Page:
Editor's note: Julian E. Zelizer is a professor of history and public affairs at Princeton University's Woodrow Wilson School. His new book, "Arsenal of Democracy: The Politics of National Security -- From World War II to the War on Terrorism," will be published this fall by Basic Books. Zelizer writes widely on current events.
Julian E. Zelizer says Obama's budget-cutting move creates chance of a compromise with Republicans.
PRINCETON, New Jersey (CNN) -- President Obama could be opening up an important debate with the Republican Party on Monday by meeting with his Cabinet and instructing them to outline specific plans for cutting their budgets.
"There will be no sacred cows, and no pet projects. All across America, families are making hard choices, and it's time their government did the same," Obama told Americans in his weekly radio address on Saturday.
This decision will anger progressive supporters of the administration, many of whom have been perpetually worried about a potential "grand bargain" that President Obama might want to obtain by pushing for cuts in domestic spending -- including Social Security and Medicare -- in exchange for the expansions of government he wants on the issues of environmental regulation and health care.
But the real target audience of this announcement about budget reductions is Republican legislators, not Democrats, and it is unclear how they will respond. One of the most striking features of President Obama's first 100 days is that, thus far, the discipline of congressional Republicans has been steadfast.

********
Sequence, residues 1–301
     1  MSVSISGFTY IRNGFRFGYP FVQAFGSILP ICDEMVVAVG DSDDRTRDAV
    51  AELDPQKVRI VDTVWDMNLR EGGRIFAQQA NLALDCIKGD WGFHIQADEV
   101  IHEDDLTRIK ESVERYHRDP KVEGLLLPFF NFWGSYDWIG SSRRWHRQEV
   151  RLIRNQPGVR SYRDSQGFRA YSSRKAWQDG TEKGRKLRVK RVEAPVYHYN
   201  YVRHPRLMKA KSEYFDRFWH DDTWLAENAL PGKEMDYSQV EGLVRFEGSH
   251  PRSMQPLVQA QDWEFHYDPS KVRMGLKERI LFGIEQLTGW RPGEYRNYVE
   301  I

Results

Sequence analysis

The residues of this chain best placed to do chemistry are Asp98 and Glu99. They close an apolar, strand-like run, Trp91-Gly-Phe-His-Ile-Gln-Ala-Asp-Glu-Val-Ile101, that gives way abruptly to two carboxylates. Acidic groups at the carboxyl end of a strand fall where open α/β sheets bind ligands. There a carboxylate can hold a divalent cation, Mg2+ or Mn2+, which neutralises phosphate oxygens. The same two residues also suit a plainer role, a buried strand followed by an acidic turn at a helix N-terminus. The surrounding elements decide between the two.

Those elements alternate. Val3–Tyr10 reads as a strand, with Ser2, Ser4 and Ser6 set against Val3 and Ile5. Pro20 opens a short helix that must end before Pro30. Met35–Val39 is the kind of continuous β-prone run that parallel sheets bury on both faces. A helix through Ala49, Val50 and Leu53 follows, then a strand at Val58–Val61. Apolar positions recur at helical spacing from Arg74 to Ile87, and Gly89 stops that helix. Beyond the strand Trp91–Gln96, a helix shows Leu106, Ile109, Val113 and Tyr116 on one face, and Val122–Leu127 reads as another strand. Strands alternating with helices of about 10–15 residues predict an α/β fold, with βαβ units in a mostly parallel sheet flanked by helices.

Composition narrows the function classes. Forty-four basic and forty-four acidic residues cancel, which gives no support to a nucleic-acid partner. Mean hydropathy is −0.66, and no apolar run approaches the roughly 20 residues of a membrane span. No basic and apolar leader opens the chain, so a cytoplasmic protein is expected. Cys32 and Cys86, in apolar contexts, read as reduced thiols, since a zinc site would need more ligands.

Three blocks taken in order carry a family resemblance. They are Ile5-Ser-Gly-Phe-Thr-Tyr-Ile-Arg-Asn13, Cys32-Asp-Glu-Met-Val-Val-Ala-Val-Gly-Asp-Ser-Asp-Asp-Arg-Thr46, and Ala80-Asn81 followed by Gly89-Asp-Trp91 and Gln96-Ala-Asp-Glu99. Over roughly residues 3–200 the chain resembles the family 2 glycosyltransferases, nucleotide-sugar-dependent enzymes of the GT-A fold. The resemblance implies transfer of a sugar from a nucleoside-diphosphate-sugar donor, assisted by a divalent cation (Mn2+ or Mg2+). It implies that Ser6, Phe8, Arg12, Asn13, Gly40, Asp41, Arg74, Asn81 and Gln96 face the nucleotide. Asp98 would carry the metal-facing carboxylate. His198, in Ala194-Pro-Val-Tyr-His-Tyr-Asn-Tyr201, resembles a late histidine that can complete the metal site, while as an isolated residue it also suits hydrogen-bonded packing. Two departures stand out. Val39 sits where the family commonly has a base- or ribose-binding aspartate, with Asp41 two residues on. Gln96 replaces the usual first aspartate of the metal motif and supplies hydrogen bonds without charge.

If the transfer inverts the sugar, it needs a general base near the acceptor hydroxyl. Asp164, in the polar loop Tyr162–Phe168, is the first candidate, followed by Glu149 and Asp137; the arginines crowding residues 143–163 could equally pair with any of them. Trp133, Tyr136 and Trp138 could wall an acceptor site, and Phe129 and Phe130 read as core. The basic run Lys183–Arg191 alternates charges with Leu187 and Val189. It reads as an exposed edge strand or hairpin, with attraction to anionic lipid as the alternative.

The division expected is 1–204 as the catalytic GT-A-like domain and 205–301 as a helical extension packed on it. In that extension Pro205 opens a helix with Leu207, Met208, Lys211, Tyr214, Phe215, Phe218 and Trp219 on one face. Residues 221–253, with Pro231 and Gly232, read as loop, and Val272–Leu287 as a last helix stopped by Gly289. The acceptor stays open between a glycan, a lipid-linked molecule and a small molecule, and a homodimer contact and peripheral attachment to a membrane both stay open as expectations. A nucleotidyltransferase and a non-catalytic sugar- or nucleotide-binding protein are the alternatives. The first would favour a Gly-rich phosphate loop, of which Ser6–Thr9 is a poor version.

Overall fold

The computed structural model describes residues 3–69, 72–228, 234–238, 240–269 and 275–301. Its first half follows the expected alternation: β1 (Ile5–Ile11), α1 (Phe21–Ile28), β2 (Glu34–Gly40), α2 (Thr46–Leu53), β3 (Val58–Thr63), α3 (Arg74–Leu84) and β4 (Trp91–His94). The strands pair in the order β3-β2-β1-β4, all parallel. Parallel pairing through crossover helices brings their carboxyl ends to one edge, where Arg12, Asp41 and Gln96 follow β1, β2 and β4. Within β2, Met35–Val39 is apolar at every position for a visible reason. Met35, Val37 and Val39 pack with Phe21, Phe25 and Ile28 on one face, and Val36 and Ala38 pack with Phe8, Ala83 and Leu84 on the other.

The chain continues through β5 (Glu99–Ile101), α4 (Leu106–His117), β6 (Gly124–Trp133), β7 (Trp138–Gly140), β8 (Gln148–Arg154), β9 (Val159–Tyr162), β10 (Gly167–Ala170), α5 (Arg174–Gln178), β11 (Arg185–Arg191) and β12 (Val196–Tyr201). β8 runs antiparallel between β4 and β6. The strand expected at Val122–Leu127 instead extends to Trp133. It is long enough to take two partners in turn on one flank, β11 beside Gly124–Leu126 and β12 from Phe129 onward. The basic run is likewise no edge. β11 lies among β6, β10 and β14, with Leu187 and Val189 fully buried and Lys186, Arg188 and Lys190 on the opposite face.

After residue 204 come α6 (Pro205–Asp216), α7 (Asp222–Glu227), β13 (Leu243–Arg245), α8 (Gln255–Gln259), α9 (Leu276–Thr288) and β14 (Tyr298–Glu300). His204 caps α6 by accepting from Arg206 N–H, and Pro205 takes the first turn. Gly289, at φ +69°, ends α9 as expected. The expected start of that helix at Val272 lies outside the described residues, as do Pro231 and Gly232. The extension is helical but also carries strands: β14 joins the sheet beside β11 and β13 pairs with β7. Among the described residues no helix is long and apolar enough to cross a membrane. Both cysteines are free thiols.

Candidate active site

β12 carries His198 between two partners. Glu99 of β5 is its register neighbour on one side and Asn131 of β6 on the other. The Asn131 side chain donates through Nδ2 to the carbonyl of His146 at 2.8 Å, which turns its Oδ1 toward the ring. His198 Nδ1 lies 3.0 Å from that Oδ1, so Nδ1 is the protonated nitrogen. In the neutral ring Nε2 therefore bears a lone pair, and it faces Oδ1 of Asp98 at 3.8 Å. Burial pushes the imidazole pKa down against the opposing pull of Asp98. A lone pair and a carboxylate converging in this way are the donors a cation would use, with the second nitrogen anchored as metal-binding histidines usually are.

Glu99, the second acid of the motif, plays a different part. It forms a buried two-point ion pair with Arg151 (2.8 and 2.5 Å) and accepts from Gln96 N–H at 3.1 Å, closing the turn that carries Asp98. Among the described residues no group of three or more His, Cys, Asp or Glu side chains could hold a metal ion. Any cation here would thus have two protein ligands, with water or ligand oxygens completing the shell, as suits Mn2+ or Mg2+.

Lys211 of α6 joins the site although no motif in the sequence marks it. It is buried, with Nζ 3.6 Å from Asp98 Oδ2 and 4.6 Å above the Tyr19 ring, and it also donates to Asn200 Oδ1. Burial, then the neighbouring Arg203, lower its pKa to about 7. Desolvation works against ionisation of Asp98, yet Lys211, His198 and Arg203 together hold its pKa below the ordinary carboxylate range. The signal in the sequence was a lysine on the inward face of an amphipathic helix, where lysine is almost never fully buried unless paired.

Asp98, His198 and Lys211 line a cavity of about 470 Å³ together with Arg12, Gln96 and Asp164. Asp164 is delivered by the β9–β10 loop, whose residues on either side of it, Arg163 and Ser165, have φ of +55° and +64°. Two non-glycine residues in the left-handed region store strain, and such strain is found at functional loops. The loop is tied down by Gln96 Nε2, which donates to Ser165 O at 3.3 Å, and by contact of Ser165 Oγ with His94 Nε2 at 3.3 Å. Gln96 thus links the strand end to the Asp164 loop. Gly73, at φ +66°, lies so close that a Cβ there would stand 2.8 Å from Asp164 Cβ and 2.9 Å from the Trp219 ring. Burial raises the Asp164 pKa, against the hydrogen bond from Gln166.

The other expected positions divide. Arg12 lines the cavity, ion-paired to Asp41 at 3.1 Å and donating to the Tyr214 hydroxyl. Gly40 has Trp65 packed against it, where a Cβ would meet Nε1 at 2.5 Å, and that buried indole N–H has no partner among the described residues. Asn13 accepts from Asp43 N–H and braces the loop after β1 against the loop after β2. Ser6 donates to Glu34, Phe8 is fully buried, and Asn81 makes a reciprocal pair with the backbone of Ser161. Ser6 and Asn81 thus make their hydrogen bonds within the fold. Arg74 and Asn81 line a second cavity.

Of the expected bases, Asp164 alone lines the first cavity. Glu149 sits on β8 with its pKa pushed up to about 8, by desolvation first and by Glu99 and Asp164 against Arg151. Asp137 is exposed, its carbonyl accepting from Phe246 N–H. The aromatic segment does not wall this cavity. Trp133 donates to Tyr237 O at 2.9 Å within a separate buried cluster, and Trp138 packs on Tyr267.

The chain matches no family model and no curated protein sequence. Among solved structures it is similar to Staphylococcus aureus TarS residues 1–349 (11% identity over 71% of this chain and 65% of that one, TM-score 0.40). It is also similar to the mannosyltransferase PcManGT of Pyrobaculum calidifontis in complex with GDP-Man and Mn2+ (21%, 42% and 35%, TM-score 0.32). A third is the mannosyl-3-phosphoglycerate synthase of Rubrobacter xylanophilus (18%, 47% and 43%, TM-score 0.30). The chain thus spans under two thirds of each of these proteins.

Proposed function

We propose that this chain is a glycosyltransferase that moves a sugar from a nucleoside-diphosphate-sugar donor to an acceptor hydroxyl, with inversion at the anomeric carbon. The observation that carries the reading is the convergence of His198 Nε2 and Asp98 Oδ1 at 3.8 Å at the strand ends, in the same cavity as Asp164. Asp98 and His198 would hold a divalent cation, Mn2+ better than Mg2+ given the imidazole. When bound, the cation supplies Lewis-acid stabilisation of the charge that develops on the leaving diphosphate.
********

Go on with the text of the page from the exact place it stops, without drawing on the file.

Even as conservatives have opened up a debate about the need to revitalize their movement by finding new voices and new ideas, Republicans in Congress have generally voted as if 2008 never happened. Few Republican legislators dissent from the party line, and they continue to vote against almost all of the administration's agenda. Bipartisanship on the economic stimulus bill consisted of the support of three Republicans in the Senate. Television host Bill O'Reilly said that the "president has polarized Americans."
Now the president is again offering Republicans room to start negotiations and show that they are serious about bipartisanship, opening a possibility for action by the politicians who don't agree with the "Dr. No" strategy of Rep. Eric Cantor of Virginia.
By focusing attention on spending cuts in the middle of the budget debate that began in February, the GOP has an opportunity to start making more specific demands about what they seek to cut in exchange for their support for items on Obama's agenda.
While politics are now more polarized than ever, it is useful to remember that in the past, bipartisan deals have produced landmark pieces of legislation. In the 80th Congress -- which President Truman ironically made famous in his 1948 campaign against the "do-nothing" Congress -- the president and Michigan Republican Arthur Vandenberg worked together on passage of the Marshall Plan, the Truman Doctrine, and the National Security Act, which were all central to the fight against communism.
In 1964, Republican Everett Dirksen of Illinois agreed to vote to end the filibuster against President Johnson's civil rights legislation in exchange for provisions that the senator sought to protect business from the legislation.